Your Medical Chart Could Include Exercise MinutesPosted: January 10, 2013
CHICAGO — Roll up a sleeve for the blood pressure cuff. Stick out a wrist for the pulse-taking. Lift your tongue for the thermometer. Report how many minutes you are active or getting exercise.
If the last item isn’t part of the usual drill at your doctor’s office, a movement is afoot to change that. One recent national survey indicated only a third of Americans said their doctors asked about or prescribed physical activity.
Kaiser Permanente, one of the nation’s largest nonprofit health insurance plans, made a big push a few years ago to get its southern California doctors to ask patients about exercise. Since then, Kaiser has expanded the program across California and to several other states. Now almost 9 million patients are asked at every visit, and some other medical systems are doing it, too.
Here’s how it works: During any routine check of vital signs, a nurse or medical assistant asks how many days a week the patient exercises and for how long. The number of minutes per week is posted along with other vitals at the top the medical chart. So it’s among the first things the doctor sees.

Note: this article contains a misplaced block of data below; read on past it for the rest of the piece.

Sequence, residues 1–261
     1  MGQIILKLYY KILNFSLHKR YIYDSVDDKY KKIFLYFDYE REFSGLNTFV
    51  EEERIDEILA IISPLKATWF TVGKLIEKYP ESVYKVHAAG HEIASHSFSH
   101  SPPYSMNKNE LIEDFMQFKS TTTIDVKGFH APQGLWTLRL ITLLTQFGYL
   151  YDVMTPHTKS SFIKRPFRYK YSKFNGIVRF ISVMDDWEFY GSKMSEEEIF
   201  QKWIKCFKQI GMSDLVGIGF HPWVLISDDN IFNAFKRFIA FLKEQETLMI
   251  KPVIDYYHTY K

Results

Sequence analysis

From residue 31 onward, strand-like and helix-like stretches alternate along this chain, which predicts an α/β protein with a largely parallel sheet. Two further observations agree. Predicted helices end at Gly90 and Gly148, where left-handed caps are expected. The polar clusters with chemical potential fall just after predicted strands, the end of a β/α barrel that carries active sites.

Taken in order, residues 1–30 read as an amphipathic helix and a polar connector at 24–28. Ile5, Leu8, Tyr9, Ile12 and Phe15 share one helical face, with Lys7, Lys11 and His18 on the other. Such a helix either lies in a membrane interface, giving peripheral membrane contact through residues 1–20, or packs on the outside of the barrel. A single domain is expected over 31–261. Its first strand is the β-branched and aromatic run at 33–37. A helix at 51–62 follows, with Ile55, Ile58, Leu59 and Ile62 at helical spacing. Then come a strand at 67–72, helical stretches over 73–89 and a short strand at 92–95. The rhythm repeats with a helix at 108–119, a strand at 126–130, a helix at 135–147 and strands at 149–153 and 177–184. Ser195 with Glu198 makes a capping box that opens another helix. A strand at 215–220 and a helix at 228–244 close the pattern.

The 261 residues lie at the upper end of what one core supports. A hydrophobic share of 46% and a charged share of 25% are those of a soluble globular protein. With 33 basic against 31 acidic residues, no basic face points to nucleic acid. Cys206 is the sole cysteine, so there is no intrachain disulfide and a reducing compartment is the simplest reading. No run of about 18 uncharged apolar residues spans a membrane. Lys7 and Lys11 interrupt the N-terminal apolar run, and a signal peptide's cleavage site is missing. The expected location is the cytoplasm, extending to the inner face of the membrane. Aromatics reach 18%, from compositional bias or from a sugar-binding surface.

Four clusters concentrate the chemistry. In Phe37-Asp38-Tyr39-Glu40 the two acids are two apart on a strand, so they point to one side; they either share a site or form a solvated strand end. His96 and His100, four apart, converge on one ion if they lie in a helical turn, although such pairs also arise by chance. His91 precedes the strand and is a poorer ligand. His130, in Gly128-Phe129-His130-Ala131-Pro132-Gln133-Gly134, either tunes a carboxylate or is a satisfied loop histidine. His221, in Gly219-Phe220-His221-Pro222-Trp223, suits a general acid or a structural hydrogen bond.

“All we ask our physicians to do is to make a comment on it, like, `Hey, good job,’ or `I noticed today that your blood pressure is too high and you’re not doing any exercise. There’s a connection there. We really need to start you walking 30 minutes a day,'” said Dr. Robert Sallis, a Kaiser family doctor. He hatched the vital sign idea as part of a larger initiative by doctors groups.
He said Kaiser doctors generally prescribe exercise first, instead of medication, and for many patients who follow through that’s often all it takes.
It’s a challenge to make progress. A study looking at the first year of Kaiser’s effort showed more than a third of patients said they never exercise.
Sallis said some patients may not be aware that research shows physical inactivity is riskier than high blood pressure, obesity and other health risks people know they should avoid. As recently as November a government-led study concluded that people who routinely exercise live longer than others, even if they’re overweight.
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